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Campus-wide smoking ban to be considered

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The days of being able to take a smoke break between classes might be coming to an end at Ohio State. Higher Education officials are planning to vote on a campus-wide smoking ban Monday.

The current university policy bans any smoking indoors and prohibits smoking outdoors within 25 feet of any building entrance or window. The policy is similar to the statewide Ohio regulation passed in 2006, which banned smoking in all enclosed workplaces, including but not limited to bars and restaurants.

Chairman James Tuschman of the Ohio Board of Regents, a governor-appointed board made up of nine people who advise on higher education issues of statewide importance, plans to introduce the smoke-free resolution at their July 23 meeting.

The resolution would not be a binding OSU policy, it would have to be enforced by the university Board of Trustees, who aren’t scheduled to meet again until Aug. 30.

The idea of a smoke-free, or even tobacco-free, campus is not new at OSU.

President E. Gordon Gee told The Lantern in April 2010 that would like to see a smoke-free OSU.

“A smoke-free campus is not at the top of my priority list, but if someone came to me with a proposal and we could make that happen quickly, I would be the first in line,” Gee said.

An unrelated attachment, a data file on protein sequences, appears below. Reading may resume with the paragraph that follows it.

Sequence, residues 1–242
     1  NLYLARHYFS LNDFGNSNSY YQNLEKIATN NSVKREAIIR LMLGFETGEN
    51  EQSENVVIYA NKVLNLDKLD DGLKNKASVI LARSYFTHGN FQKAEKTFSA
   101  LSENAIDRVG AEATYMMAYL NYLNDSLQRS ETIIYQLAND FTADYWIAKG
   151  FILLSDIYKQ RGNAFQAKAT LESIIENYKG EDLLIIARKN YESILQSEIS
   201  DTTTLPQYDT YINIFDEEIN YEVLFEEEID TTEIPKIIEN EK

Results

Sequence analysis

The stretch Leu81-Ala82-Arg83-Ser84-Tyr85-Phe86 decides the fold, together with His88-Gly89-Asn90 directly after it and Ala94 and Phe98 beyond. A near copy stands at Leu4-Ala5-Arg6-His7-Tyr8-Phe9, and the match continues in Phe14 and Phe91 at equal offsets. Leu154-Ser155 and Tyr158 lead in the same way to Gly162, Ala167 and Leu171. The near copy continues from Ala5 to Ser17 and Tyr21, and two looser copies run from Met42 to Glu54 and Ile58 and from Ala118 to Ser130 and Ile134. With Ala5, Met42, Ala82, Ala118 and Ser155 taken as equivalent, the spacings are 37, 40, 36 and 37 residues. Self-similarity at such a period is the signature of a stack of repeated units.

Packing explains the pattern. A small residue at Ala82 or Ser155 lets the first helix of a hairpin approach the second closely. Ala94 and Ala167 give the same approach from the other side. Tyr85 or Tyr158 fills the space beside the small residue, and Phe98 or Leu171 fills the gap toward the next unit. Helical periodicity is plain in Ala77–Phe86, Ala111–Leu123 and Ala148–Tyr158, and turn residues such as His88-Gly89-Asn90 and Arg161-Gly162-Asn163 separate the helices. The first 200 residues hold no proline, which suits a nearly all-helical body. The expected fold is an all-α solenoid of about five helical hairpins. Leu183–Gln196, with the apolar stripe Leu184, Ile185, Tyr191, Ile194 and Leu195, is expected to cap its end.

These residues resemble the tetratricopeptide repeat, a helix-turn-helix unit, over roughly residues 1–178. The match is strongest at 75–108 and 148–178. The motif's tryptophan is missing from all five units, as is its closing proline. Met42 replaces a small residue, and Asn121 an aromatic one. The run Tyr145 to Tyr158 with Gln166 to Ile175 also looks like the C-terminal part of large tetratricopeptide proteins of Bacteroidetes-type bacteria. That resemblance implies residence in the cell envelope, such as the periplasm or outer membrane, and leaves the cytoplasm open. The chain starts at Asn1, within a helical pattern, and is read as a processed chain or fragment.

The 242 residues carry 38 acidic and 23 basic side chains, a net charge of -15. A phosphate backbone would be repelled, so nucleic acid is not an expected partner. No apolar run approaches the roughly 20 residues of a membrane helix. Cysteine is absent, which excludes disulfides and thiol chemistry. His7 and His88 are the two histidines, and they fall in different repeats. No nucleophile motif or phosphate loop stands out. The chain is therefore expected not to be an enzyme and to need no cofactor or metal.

Students have made efforts in the past to push the university towards a stricter tobacco policy. Public health graduate student Danielle Grospitch started a Buckeyes Against Butts campaign and has been an advocate for a tobacco-free campus during her time at OSU.

Grospitch said the university needs to prove their commitment to health and wellness.

“Whether the vote passes on Monday or not, OSU is still capable of enforcing a stronger policy than the one that currently exists,” said Grospitch in an email Friday. “Honestly anything would be better than what we have.”

Several Ohio universities have passed smoking bans, including Miami University, Malone College, Mount Vernon Nazarene College, and Ohio Christian University, according to findings by the American Nonsmokers’ Rights Foundation. Miami University is the only public university in Ohio on that list.

According to a July 1 ANRF release, there are currently 774 smoke-free campuses, and 562 of those are tobacco-free campuses, including an additional ban on smokeless-tobacco.

Among Big Ten schools, OSU would be joining Penn State, the University of Michigan, Indiana University, and the University of Iowa if the smoke-free resolution is adopted by the Board of Trustees.

Despite Gee’s vision, the student body has traditionally been divided regarding the implementation of a campus-wide smoking ban.

“For someone addicted to smoking, it would be really hard,” said Mengyu Liu, a fourth-year in biomedical engineering. “There should be a limited area for those people to smoke.”

Others were in favor of the ban.

“I grew up with a parent who smoked, and it disgusts me, even outside,” said Cally McGee, a fourth-year in anthropology.

McGee said she isn’t confident the ban would be enforced.

According to reports from the Associated Press, representatives from the Ohio Board of Regents will meet with officials from the Cleveland Clinic and the state Department of Health to plan a discussion of the proposed resolution before the vote Monday.

 

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